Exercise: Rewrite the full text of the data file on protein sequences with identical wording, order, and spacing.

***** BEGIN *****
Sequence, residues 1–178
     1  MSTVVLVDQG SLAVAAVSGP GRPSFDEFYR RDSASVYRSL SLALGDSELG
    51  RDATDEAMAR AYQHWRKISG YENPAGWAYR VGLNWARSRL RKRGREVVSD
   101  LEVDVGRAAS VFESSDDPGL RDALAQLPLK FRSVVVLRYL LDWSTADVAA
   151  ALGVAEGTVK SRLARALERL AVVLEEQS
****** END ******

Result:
Sequence, residues 1–178
     1  MSTVVLVDQG SLAVAAVSGP GRPSFDEFYR RDSASVYRSL SLALGDSELG
    51  RDATDEAMAR AYQHWRKISG YENPAGWAYR VGLNWARSRL RKRGREVVSD
   101  LEVDVGRAAS VFESSDDPGL RDALAQLPLK FRSVVVLRYL LDWSTADVAA
   151  ALGVAEGTVK SRLARALERL AVVLEEQS